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Team Medical Physicist & MTRA explains
WHO ACTIVATES HEAVY IONS?
is a medical physics expert at the Heidelberg Ion-Beam Therapy Center (HIT) and ensures that the technical equipment functions reliably and supports treatment planning.
is responsible for the overall management of the medico-technical radiology assistants at the university’s Department of Radiology and at HIT, and among other things, for the preparation and the positioning of the patients during treatment.
So that the ion beam develops its power precisely in the tumor, Swantje Ecker and Sabine Kuhn work together closely. Together they find the perfect position for the patients and optimize the radiation fields. In addition to all of the technology, they help children not to be afraid of the treatment with their warm-heartedness.
Radiation therapy at HIT
The Heidelberger Ion Beam Therapy Center (HIT) offers a highly precise treatment of cancer using heavy ion and proton therapy. This treatment reaches tumors lying deep inside the body and also extremely resistant tumors with maximum precision. HIT is the world’s first heavy-ion therapy facility with a 360° revolving gantry to direct the rays at the body from any direction.
having a discussion
The physician prescribes the dose and type of radiation therapy and marks the tumor. Together with the MTRAs, we medical physicists optimize the radiation fields and ensure that the dose goes to where it should.
Using computed tomography, I look after the optimal positioning for the patients Precision is everything, so that diseased tissue is destroyed and healthy tissue is spared! For tumors in the head area, we make a special positioning mask, which immobilizes the head, and for tumors in the trunk, we work with vacuum cushions.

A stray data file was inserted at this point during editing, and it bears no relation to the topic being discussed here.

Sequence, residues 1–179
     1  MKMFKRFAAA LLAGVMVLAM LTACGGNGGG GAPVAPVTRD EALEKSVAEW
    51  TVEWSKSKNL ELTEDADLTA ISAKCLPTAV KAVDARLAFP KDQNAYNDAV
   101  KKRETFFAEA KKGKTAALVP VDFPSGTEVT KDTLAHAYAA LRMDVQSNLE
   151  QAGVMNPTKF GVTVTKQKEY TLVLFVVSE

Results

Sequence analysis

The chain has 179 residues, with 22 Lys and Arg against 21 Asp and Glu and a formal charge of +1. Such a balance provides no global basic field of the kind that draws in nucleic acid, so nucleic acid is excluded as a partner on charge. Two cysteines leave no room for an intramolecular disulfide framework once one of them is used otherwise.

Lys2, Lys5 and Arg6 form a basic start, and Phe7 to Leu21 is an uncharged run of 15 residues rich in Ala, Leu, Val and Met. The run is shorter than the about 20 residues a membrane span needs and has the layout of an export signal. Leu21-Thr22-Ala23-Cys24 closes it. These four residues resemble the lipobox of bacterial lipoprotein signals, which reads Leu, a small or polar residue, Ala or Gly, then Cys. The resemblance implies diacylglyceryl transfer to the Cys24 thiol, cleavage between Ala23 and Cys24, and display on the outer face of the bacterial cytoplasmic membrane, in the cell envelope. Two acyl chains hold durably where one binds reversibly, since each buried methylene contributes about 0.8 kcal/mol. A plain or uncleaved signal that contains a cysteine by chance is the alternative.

Together with our radiology therapists, anesthesiologists, and MTRAs, we are particularly interested in the treatment of children. They are pleased if they have contact with the same persons during the treatment cycle and quickly gain confidence, if they notice that they do not have any pain with us. We play with them and to date we have always managed to ensure that they are glad to come here.
In the team we also work on new positioning possibilities for our little patients...
True! Usually the bottom of the gantry opens around the place of treatment. As children are sedated under the radiation, the anesthesiologist must be able to approach the child at all times. We have found a way so that we can work with a closed bottom by making certain adjustments to the gantry.
This has worked marvelously well with a sedation in the supine position. Thanks to the pivoting source of radiation, we can aim directly at the tumor of a little girl. In this way, we reduce the risk of long-term damage! Now we are working on a prone position under sedation because this would open up new possibilities for treatment, e.g. along the neuroaxis. This is a new challenge, but one that we are willing to take on!
How much does the gantry weigh?
The gantry at HIT is 10 times as heavy, namely 670 tons!
The gigantic steel structure weighs 670 tons, 600 tons of which are rotatable with sub-millimeter precision.